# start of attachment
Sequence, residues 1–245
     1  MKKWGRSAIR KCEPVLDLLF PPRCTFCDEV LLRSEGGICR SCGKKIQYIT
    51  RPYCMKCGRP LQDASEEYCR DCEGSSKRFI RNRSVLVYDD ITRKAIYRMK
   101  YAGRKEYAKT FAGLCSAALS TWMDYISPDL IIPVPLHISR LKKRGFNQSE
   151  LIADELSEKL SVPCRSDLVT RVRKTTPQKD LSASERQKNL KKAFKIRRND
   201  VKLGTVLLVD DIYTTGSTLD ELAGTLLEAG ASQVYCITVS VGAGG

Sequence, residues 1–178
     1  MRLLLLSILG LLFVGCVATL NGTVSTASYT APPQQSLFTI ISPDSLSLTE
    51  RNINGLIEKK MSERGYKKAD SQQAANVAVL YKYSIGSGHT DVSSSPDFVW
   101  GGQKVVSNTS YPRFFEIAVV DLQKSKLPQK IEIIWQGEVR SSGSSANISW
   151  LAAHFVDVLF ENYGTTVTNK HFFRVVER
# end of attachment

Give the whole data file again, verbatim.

Sequence, residues 1–245
     1  MKKWGRSAIR KCEPVLDLLF PPRCTFCDEV LLRSEGGICR SCGKKIQYIT
    51  RPYCMKCGRP LQDASEEYCR DCEGSSKRFI RNRSVLVYDD ITRKAIYRMK
   101  YAGRKEYAKT FAGLCSAALS TWMDYISPDL IIPVPLHISR LKKRGFNQSE
   151  LIADELSEKL SVPCRSDLVT RVRKTTPQKD LSASERQKNL KKAFKIRRND
   201  VKLGTVLLVD DIYTTGSTLD ELAGTLLEAG ASQVYCITVS VGAGG

Sequence, residues 1–178
     1  MRLLLLSILG LLFVGCVATL NGTVSTASYT APPQQSLFTI ISPDSLSLTE
    51  RNINGLIEKK MSERGYKKAD SQQAANVAVL YKYSIGSGHT DVSSSPDFVW
   101  GGQKVVSNTS YPRFFEIAVV DLQKSKLPQK IEIIWQGEVR SSGSSANISW
   151  LAAHFVDVLF ENYGTTVTNK HFFRVVER